I got this knife as a gift, so you bet this is a biased review! Still this knife deservers more attention, so here is my contribution. My first impression of the Stretch was that is was a very ‘retro’ looking knife. It reminded me of the original Civilian with its kraton inlayed handle, or the older hunter models Spyderco offered in the past. And since I am always into the ‘new stuff’, the Stretch also did not appeal to me cosmetically. Furthermore, I don’t hunt and could never imagine ever going to hunt for recreation either. So what possible use could I have for such a purpose-driven hunting design?
Now, this is a very dear gift, so just because of that this knife makes it into my top three knives that will never leave my side! Furthermore, I felt that I had to give this knife a good workout, out of courtesy as well as to find out why Spyderco would release this “old-looking” knife. Since, the knife is a bit too big for me to carry and use outdoors (for me that’s the city center of one of Holland’s oldest cities) I mostly used it indoors.
The Stretch is a great kitchen knife, for this purpose it knocked my beloved Military, Paramilitary and Chinese folder of their crown. The Stretch has a flat grind, but the blade is much more polished which translates into a much sharper knife (by feel). There is hardly any food sticking to your blade. You will also feel the effect of this blade polish on more mundane things like string, potato chip bags and other every day stuff. The semi-skinner blade shape, allows you to bring a lot more edge to the cutting board, as compared to the Military or Chinese folder. The Stretch also has more point, compared to the Chinese Folder, which is better for cutting steaks. In my case, I used to be a certified butcher, I always ask my butcher not to clean my steaks since I enjoy to do that myself in the weekend, and I think I can do it better anyway 😉 ! Cutting-wise, this knife is the Calypso Sr., period.
The Stretches blade tip is thicker than the Military’s, so I used for prying and cutting the lids of heavy cardboard boxes at work, the ICT people always like to see me with a new knife. I am the only ‘suit’ in our office that occasionally comes down the ICT department to help them clean up their boxes. Well, they call it cleaning, I’m testing blades!
The serrations in the choil, coupled with the shape of the handle’s butt, make the stretch the most secure and comfortable upside down cutter of all the Spydies I own. Often you are cutting with the edge facing up, when carefully opening a package for example. This knife will do that very safely, because you thumb rests securely against the serrations in the choil. I am sure this is a typical hunter-grip, for skinning I think.
So far, you have a pretty much ideal utility folder. It’s sharp, cuts well and allows for cutting on a board and a variety of other grips, such as edge-up. In addition the handle is really comfy, despite that uncomfortable looking pointy butt-end which could be a problem for people with bigger hands than my XL-sized mitts. Reverse grip (edge-in or out) is safe and comfy. In the hand, the kraton inlays combined with an SS frame works really well; it’s comfortable and secure. Although others disagree for cosmetic reasons, I really like the four-way optional clip positioning (aka “the Swiss cheese option”).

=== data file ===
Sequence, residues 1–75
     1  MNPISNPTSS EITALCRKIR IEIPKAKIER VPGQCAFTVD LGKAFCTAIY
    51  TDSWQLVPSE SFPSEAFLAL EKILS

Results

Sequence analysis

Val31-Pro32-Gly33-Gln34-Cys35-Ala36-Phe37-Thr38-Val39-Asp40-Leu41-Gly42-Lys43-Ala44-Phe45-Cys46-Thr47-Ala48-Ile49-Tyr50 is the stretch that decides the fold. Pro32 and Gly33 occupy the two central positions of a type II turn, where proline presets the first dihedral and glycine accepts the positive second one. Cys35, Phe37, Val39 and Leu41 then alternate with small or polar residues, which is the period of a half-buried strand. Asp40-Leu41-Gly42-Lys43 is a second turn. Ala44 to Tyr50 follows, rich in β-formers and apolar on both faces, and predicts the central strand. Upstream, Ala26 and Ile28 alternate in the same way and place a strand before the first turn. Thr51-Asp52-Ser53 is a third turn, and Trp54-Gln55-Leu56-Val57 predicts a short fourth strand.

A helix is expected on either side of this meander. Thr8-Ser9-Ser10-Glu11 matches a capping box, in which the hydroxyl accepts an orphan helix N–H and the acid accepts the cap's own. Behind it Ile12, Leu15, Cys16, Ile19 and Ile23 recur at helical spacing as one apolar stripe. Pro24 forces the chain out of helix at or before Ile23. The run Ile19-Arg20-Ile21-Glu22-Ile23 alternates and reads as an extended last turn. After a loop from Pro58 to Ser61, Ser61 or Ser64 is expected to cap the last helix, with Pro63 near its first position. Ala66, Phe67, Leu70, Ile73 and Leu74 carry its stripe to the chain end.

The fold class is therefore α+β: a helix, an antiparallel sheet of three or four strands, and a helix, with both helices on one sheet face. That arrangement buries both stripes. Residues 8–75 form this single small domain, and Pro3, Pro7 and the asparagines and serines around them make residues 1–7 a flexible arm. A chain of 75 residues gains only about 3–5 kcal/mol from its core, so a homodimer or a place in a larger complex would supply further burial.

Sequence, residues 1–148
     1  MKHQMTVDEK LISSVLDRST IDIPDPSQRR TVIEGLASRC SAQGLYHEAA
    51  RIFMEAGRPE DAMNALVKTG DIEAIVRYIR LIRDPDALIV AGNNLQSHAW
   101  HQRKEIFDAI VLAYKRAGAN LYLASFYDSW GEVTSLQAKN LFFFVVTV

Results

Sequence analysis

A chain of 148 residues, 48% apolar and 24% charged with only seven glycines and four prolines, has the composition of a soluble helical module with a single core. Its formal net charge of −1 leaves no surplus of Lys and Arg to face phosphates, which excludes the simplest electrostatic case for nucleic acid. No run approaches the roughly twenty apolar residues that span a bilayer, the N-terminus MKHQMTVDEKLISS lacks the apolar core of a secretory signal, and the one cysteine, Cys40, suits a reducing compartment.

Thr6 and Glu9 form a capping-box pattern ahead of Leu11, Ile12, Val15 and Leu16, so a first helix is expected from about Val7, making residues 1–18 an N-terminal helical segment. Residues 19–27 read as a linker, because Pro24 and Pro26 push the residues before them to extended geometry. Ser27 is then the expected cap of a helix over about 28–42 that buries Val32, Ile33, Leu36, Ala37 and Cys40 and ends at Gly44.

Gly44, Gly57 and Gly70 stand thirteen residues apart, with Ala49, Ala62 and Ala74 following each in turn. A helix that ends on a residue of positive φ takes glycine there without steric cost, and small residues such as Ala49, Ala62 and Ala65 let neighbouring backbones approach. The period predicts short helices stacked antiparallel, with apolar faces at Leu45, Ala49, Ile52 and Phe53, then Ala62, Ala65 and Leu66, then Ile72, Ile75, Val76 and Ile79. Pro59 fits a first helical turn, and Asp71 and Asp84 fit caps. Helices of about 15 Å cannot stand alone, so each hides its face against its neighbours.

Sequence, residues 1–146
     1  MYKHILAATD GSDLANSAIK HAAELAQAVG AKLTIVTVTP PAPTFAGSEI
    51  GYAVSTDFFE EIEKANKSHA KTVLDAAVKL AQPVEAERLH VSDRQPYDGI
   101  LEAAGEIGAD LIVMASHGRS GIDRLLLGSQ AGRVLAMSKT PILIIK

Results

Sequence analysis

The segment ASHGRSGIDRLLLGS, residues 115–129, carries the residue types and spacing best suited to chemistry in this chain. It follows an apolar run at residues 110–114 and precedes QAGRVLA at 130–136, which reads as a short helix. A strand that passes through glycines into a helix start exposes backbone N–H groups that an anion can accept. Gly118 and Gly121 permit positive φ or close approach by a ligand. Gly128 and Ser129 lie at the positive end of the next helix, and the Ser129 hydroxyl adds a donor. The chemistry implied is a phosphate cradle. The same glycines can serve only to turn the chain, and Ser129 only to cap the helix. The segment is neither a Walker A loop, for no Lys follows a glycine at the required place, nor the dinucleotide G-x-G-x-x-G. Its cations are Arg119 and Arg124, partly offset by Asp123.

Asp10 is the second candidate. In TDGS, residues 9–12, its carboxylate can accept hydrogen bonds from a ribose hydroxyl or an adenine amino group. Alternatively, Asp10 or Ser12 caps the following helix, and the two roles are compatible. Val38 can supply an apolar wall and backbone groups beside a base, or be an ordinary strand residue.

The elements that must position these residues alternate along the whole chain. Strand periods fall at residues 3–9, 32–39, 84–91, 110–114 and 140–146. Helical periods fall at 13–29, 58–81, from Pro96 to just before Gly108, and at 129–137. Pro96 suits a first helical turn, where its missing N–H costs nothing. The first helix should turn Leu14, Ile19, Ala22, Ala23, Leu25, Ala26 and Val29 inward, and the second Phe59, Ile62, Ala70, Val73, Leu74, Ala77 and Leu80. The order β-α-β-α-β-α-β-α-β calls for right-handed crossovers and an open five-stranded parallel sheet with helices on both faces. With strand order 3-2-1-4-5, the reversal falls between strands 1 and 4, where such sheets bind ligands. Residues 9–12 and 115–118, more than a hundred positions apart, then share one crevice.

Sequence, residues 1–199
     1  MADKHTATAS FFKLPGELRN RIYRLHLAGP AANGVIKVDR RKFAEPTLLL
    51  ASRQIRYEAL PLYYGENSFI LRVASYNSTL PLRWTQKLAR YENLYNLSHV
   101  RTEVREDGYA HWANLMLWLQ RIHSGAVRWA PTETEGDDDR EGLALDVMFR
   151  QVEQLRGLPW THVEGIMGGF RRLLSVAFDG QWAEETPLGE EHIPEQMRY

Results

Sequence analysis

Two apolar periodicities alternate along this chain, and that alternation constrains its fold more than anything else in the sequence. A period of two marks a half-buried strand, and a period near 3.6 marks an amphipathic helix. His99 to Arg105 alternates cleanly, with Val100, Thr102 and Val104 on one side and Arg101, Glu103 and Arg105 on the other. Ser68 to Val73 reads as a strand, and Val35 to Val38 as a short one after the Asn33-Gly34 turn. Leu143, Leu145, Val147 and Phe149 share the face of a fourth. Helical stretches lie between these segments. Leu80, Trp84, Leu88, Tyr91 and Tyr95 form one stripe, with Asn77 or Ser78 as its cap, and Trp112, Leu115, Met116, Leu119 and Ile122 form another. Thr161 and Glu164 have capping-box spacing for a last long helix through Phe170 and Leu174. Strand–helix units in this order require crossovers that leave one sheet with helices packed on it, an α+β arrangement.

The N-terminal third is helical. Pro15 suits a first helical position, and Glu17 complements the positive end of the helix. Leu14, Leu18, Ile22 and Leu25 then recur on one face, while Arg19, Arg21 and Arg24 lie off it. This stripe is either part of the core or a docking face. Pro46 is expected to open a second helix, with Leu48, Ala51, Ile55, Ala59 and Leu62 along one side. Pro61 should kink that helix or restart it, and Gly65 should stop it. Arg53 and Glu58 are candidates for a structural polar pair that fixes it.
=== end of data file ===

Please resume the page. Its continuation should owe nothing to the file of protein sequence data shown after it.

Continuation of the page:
I’m a lefty and with this size knife the vote for tip up or down should fall somewhere down the middle. My personal rule is always, when the knife’s blade is three inches and under the clip should be tip-up. Four inches and bigger, and the clip should be tip-down, for fast retrieval and opening. The Stretch has an around 3,5 inch blade and works best for me in a tip-down carry mode. And another thing, for the neophytes that always complain about longer handles for shorter blades, the Stretch blade fits perfectly in its handle which isn’t a micro-inch longer than its blade, so you don’t have to worry about so-called efficient handle to blade ratio’s ;).
One thing I don’t like about the Stretch is the way the kraton inlays feel when putting this knife in or out of your pocket.Sure, the kraton works when gripping the knife and keeping the knife in your pocket (friction), but the stuff is equally grippy when you pull it out of your pocket. Maybe for hunters who may work around a lot of fluids and grime the grip is more important than pocket carry, but for us ‘urbanites’ who are used to G10, it is not so good. Because of this the Stretch will not be my all-day carry folder. More so, because of its blade length and more importantly because it is a cherished gift I certainly don’t want to lose or damage (excessively).
My one and most important suggestion for improvement would be to replace the kraton with that ultra-grippy G10 found in the latest generation Spydies such as the Dodo and the Yojimbo. Perhaps a blue edition for forumites??!!
The conclusion, if you don’t mind the kraton for getting the knife in and out of your pocket (perfectly remedied by a sheath BTW), then get over the retro-look or “unsightly” clip-holes and get it! The Stretch’s blade geometry is in the same league of the Calypso jr., but only bigger and with a stronger tip.